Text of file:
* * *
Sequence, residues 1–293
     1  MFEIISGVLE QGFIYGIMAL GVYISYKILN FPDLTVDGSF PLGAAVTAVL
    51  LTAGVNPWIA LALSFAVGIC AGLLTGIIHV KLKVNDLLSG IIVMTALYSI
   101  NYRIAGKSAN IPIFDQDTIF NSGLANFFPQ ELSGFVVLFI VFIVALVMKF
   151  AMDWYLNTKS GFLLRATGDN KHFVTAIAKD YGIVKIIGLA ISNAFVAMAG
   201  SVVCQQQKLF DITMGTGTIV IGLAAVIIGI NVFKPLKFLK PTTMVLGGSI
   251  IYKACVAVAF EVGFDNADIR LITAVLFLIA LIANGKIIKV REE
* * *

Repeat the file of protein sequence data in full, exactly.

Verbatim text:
Sequence, residues 1–293
     1  MFEIISGVLE QGFIYGIMAL GVYISYKILN FPDLTVDGSF PLGAAVTAVL
    51  LTAGVNPWIA LALSFAVGIC AGLLTGIIHV KLKVNDLLSG IIVMTALYSI
   101  NYRIAGKSAN IPIFDQDTIF NSGLANFFPQ ELSGFVVLFI VFIVALVMKF
   151  AMDWYLNTKS GFLLRATGDN KHFVTAIAKD YGIVKIIGLA ISNAFVAMAG
   201  SVVCQQQKLF DITMGTGTIV IGLAAVIIGI NVFKPLKFLK PTTMVLGGSI
   251  IYKACVAVAF EVGFDNADIR LITAVLFLIA LIANGKIIKV REE